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Facebook Scam Claims your Page is Disabled

By August 4, 20235 min read

The latest Facebook scam to hit social media is designed to trick business and organization page admins and other users into sharing their login credentials with scammers. For governments, the impact of losing admin control of Facebook accounts can have serious ramifications. These types of phishing scams certainly aren’t new, but this one is particularly tricky. Here’s everything you need to know to spot it and protect your account.

How It Works

You receive a notification that appears to be from Facebook (Meta) indicating that your page has been disabled (something along the lines of: “Your Page Has Been Disabled”). When you click on it, you get an explanation about why this may have happened, including notes about violations such as sharing misleading content, using photos that are not yours, or sharing offensive content.

Here’s an example of what the messages used for this Facebook scam can look like.

When you take a closer look, you’ll notice that what appears to be a notification is actually a post from a Facebook page created with the name: Your Page Has Been Disabled. The post is either posted to your personal page by a hacked or nefarious profile or posted elsewhere tagging you personally or tagging your organization’s business page. The tag makes it appear in your notifications (or in the Social tab of the Social Assurance app). When you click the notification, you’re taken to a post that actually looks like it could be a notification directly from Facebook/Meta–making this scam especially tricky.

The post includes a link to a page that asks for some of your personal information in an interface that closely mimics Facebook’s colors and design, so you think you’re providing your info to Facebook. The prompted information typically includes your account’s login information, but can also include personal data, passwords, and other sensitive info.

If you click on the name of the page, which in this case is usually phrased as a notification might be, you’ll find an actual page that’s been set up under that name. The profile picture is a common flag graphic or warning icon (adding to the deception that this is a notification rather than an actual page). You may be able to see other posts that the fake account has published tagging other individuals or businesses similarly.

Here’s an example of what the messages used for this Facebook scam can look like.

How You Know It’s a Scam

1. It’s not actually a communication from Facebook.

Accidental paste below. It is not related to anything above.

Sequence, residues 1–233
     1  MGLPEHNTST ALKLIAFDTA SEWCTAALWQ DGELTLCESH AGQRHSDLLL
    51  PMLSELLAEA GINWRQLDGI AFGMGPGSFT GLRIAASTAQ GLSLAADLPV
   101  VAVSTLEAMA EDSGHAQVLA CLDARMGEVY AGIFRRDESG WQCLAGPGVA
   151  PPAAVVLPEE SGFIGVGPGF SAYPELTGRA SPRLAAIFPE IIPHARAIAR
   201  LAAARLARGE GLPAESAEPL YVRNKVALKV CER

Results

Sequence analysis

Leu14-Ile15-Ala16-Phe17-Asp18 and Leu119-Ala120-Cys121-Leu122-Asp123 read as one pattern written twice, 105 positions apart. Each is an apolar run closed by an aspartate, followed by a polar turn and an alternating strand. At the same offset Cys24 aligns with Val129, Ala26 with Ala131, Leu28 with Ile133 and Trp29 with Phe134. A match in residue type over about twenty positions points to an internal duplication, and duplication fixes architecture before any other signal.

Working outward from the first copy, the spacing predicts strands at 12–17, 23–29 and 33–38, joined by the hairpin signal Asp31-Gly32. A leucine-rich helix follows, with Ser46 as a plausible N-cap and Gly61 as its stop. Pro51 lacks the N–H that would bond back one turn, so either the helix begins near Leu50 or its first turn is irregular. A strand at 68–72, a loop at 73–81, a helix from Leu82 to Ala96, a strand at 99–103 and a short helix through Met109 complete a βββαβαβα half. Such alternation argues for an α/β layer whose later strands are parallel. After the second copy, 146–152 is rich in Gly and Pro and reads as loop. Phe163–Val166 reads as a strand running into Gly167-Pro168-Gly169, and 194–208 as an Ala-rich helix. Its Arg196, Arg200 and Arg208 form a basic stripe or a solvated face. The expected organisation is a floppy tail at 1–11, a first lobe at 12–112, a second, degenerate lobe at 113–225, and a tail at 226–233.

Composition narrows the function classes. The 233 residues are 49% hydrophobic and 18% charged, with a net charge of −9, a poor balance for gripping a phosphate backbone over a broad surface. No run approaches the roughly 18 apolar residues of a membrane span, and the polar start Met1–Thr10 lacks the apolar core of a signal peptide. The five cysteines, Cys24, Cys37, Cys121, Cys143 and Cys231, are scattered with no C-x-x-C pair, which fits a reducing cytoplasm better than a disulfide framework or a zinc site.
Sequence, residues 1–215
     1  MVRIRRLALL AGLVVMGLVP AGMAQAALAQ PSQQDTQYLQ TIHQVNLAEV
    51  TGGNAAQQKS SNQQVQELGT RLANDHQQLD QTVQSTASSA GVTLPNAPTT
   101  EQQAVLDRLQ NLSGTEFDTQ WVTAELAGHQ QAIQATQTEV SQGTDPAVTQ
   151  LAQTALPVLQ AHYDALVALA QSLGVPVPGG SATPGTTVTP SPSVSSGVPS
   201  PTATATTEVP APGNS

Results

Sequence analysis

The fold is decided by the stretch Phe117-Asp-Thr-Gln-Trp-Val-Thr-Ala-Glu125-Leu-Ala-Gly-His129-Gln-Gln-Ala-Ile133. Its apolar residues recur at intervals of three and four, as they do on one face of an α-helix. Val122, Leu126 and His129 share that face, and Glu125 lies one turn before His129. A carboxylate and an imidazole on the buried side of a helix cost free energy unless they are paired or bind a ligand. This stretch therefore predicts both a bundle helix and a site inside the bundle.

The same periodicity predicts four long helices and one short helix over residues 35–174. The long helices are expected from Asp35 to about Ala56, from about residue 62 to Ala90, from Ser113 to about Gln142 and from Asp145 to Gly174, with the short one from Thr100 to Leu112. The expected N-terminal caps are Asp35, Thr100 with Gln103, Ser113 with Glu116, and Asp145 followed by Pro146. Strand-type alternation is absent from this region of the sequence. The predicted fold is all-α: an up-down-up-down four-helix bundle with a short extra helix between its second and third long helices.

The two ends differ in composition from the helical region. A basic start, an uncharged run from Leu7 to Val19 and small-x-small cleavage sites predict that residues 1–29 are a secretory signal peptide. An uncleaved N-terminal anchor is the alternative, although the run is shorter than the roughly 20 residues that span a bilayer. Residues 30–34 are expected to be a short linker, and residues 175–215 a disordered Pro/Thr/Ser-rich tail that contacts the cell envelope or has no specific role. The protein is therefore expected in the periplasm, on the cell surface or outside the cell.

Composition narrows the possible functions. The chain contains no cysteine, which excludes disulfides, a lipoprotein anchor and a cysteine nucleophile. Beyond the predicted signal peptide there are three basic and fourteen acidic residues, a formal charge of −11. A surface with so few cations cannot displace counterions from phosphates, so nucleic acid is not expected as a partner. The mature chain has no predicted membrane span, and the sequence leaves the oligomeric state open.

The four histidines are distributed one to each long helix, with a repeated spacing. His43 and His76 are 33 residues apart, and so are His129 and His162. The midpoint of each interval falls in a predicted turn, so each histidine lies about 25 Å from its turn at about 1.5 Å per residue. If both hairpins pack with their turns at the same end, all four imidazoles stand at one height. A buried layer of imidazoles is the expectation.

Look closely and you’ll see that you’ve actually been tagged in a post, not that you’re receiving a notification. The name of the account tagging you is posing as verbiage for a notification.

2. You’re tagged.

Facebook/Meta will use a standard notification window to inform you of something like account status–not a post–which means you won’t be tagged. Other people/organizations will also not be tagged in these types of notifications.

3. Typos, incorrect grammar, and awkward language.

Regardless of platform (social, text, email), typos and spelling/grammar errors are a huge red flag that you may be being targeted by a scammer. Proceed with caution.

4. Urgency.

In addition to incorrect language and conventions, urgency is another red flag. Scammers often create urgency that forces you to make a decision or click on something quickly in hopes that you will act without thinking things through.

5. Links that aren’t quite right.

Note that Facebook will typically use buttons to prompt users to click something as opposed to imbedding links. Look very very closely at links and avoid clicking them as a general rule. Scammers often use links that inverse a couple letters or are just slightly off so, at first glance, they look legitimate.

It’s important to note that Facebook/Meta sometimes does disable accounts, namely those acting in violation of the platform’s Community Standards. When this happens, users will see an in-app or in-platform notification like these.

What To Do

First, avoid following any links. Second, untag yourself or your organization from the post. Third, report the post as spam and ask other members of your team to do the same. To do so, simply click the flag icon at the bottom of the post and follow the prompts. Note that more flags/reports on a post will increase the likelihood that Facebook will respond to the nefarious activity and remove or hide the post.

Protect Yourself

As a best practice, it’s important to consider the level of access to your social media accounts and who, across your organization, it’s provided to. Securing your accounts with systems and processes that relegate access permissions through a central platform can help ensure that individuals across your team have only the access level they need–keeping your accounts inherently safer. This makes it easier to implement policies, protect your accounts, and ensure that those who have access are in the know about scams like this one.

Interested in learning more about centralizing and securing access to your accounts? Social Assurance can help. Our social media management platform is designed specifically for governments and organizations operating in regulated industries –helping you create, publish, and monitor marketing content–including direct integrations with all major social media channels–securely and compliantly. The platform also allows admin-level users to assign tagged posts like these to someone specific within your organization for follow-up, ensuring that users with rogue access don’t follow nefarious links and submit sensitive information. Reach out to or follow the link below to submit an inquiry.

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